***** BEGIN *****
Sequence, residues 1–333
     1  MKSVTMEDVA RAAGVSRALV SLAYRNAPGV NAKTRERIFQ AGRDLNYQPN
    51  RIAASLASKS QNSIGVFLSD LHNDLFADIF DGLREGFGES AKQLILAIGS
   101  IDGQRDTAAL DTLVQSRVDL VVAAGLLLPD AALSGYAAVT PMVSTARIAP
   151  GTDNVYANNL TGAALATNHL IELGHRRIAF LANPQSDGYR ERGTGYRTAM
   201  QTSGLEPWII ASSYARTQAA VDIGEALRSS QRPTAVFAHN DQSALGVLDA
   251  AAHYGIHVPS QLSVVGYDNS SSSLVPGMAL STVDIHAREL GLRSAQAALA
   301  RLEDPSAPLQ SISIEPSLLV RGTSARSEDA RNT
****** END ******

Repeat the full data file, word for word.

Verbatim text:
Sequence, residues 1–333
     1  MKSVTMEDVA RAAGVSRALV SLAYRNAPGV NAKTRERIFQ AGRDLNYQPN
    51  RIAASLASKS QNSIGVFLSD LHNDLFADIF DGLREGFGES AKQLILAIGS
   101  IDGQRDTAAL DTLVQSRVDL VVAAGLLLPD AALSGYAAVT PMVSTARIAP
   151  GTDNVYANNL TGAALATNHL IELGHRRIAF LANPQSDGYR ERGTGYRTAM
   201  QTSGLEPWII ASSYARTQAA VDIGEALRSS QRPTAVFAHN DQSALGVLDA
   251  AAHYGIHVPS QLSVVGYDNS SSSLVPGMAL STVDIHAREL GLRSAQAALA
   301  RLEDPSAPLQ SISIEPSLLV RGTSARSEDA RNT